When they went to commune the priest invited us (a protestant group) to commune in one kind with them. What a profound moment of ecumenical life. After we communed we sang the the song they had chosen which was "They will know we are Christians by our love". It was a beautiful moment as we came together as Christians first and RC/Protestants fourth. I believe this pleased our Lord and that he smiled down on us.

When we are in Christ we are a new creation. This is what the scriptures teach. We have a common father Abba, a common Lord Jesus, and a common Spirit dwelling within us. How often we forget that what we have in common is so much greater than what we disagree about. I think this unity is a witness to a lost and hurting world. I am thankful for this experience, it will stay with me my whole life.

Reflections from the Holy Land

There are churches everywhere in the Holy Land. If a person wants to take the ultimate church building tour head to Israel. There is literally a church over almost every holy site. Sometimes these churches are owned by one denomination sometimes they are owned by more that one denomination. Needless to say there is regular arguments about whose site is more holy, more authentic etc... This is one of the tragedies of the Holy Land. Many of these arguments are amongst Chrsitians..

Some places however do not have churches on them such as the Sea of Galilee. We sailed the sea (which is really a large lake) and it was awesome to know that we were on the same body of water that Jesus walked, stilled the storm and called his disciples. There is something prfoundly real about seeing the places that I had read about my entire life. It brings a certain authenticity to the stories. They are more like accounts than stories. Stories may or may not be true but an account is the telling of fact. It brought these accounts to life and it brings a certain wholeness to my life that I didn't expect. The emotional impact of the trip really surprised me. I know it would be cool but I didn't expect it to be as profound as it was.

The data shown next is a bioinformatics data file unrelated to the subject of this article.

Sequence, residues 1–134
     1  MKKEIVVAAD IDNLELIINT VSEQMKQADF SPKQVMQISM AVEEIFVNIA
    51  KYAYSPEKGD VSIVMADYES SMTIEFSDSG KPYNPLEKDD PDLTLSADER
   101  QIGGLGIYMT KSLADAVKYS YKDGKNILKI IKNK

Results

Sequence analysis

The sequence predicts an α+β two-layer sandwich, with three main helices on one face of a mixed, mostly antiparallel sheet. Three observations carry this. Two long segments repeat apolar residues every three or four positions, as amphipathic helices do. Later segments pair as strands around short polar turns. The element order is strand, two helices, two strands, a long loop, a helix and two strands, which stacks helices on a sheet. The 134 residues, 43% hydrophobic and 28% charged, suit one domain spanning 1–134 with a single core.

One of the sites that is a must see is the pool of Bethesda. We read in John 5 of how Jesus healed an invalid who had been there for 38 years. The awesome things about this site is that the church is next to it and you can see the actual pool just as it is described in the Bible. Totally awesome. We saw the place where Jesus healed a man and we talked about healing in our own lives while we were there. It was really cool to pray there and to be in a place where our Lord was. As I reread the scripture now it brings it to life and increases my faith in Jesus. It brings me a greater sense of love, wonder and awe for this man who is the Son of Man and Son of God. It makes the scriptures come alive like they never have before. Praise be to Christ!!

Reflections from the Holy Land

One of the things that I noticed while in Jerusalem is that people are practicing their religion. The city is full of religion: Franciscan monks, orthodox monks, Hasidic Jews, Muslims, pilgrims and observant Jews. These are just a few of the religions that people practice. The whole city is religious which is just the opposite of my experience in every major US city that I have either lived in or visited.

It is such a contrast to Seattle where we are not even allowed to have a Christmas tree, it has to be a holiday tree. I think that we have lost a lot as a people by moving to a religionless society. Some would argue that wars are caused by religion and they would be right but because a few have misused God for their own goals. This sad fact doesn't mean we should move away from religion. Rather it should move us toward Christ. For in Christ there is a new creation and the possibilty for change in society isn't through new laws or regulations. The possibility for change is through the power of the Holy Spirit working in the lives of believers. This is where the power for change and hope resides.